The first thing to do is run a nozzle check; Epson is the Mercedes of printers in terms of how often they clog with no obvious signs until you run them hard by doing a large run of photo printing unless you let them sit and it tends to be obvious (especially consumer photo models with LC/LM). On pro models, these often have an LK or LLK cartridge with the Ultrachrome K3 printers which is also a troublesome cartridge as it doesn't get used all the time like LC and LM, and Orange on older pro printers. You can do this from the control panel, or the driver. If it has issues here, the head is either flat-out blocked or one nozzle has a few dead lines and it affects photo printing. It MAY clear up with one cleaning, but it seldom does with Epson. Epson printers cannot sit, they have to be run regularly -- people find out as you did a lot more often than I care to admit! I can adopt a nice Epson photo printer with a clog (read: A REAL 6/7+ color model; LC/LM, LC/LM/LK (midrange older), LC/LM/LK/Orange (older) and LC/LM/Red (newer), 9+ on really nice ones which originally cost thousands. CMYK photo printing is a poor color spectrum retrofit added on as a nature of the way these work meant for Grandma to quickly run family photos but otherwise go to the drug store), unclog it, and run it 2-3 times a week and have a really capable photo printer for %#*@ near free, or even free.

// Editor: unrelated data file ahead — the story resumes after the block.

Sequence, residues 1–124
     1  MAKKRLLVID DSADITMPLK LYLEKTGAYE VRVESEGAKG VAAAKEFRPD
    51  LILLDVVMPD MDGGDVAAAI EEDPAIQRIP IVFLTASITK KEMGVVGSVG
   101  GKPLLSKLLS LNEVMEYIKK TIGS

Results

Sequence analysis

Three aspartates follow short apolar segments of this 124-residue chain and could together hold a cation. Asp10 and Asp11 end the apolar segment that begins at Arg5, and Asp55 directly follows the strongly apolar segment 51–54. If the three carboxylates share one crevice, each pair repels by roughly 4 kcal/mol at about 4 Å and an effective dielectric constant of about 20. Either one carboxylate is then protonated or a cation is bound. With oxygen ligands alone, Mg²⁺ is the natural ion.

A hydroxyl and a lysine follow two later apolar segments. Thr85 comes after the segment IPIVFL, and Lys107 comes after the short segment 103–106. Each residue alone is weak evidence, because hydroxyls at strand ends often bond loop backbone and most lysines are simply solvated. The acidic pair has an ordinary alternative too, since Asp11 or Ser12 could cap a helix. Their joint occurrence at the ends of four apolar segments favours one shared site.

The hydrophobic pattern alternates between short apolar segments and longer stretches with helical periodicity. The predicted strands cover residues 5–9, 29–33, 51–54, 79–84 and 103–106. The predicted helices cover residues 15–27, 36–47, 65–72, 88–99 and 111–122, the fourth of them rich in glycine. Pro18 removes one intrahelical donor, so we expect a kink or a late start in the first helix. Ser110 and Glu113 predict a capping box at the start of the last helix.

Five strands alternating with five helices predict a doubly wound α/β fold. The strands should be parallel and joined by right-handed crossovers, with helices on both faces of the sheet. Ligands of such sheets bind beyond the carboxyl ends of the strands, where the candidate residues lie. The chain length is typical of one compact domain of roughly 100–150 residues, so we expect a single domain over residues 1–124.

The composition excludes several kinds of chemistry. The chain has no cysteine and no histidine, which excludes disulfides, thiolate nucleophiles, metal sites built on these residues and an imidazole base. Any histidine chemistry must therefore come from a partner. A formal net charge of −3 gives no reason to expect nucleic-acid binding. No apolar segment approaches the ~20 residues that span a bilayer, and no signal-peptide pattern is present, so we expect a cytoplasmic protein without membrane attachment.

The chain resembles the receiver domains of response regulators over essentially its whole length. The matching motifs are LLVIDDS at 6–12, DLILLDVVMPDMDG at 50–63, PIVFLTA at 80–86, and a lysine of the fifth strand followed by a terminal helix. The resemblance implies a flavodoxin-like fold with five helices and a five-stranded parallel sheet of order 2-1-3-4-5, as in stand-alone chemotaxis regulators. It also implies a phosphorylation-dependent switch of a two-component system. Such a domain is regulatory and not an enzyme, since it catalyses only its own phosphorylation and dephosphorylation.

If you have access to it you can sometimes clear these types of clogs with programs like Qimage (Windows)/Qimage One (Mac/Windows), but I get not everyone has access to it; it's expensive ($129/250), and costs more then most people paid for their printers, but I own the software for color-critical prints I need to be perfect because I can have things like profiles for custom papers I may not be able to apply to the Epson or Canon driver, like HP photo paper on a Canon Pixma 6 color without the option on the driver side, as well as better prints (or at least near perfect) because I inherited unused boxes, or it was on clearance. Qimage will generate a unclog page which can sometimes repair the issue but it does a number on your cartridges (however, so does multiple cleanings and a power flush which also tanks the remaining capacity of your waste ink pad so much so Epson says it's a last resort and warns about this!!! I recommend against it). Since you're going to use a lot of ink anyway make it hurt as little as possible. You want to run this at the best level to ensure it clears as much as it can. After that, run another nozzle check. If you can afford something like Qimage, schedule it to run those cleaning pages at least once a week to keep the printer from doing this; I usually need to do it every other day where I am due to humidity on sensitive machines like Epsons WHICH DO NOT LIKE SITTING!
Note: Select all of the colors on an LC/LM equipped Epson to ENSURE they run -- it might not clear those if you do not use a non-photo mode and force it to run them since those tend to only be used with photo printing.
If neither works and it's still clogged, you may need a cleaning solvent to unblock the head. Rather than provide a link to have it become obsolete, here's a generic search: Epson printhead cleaner.
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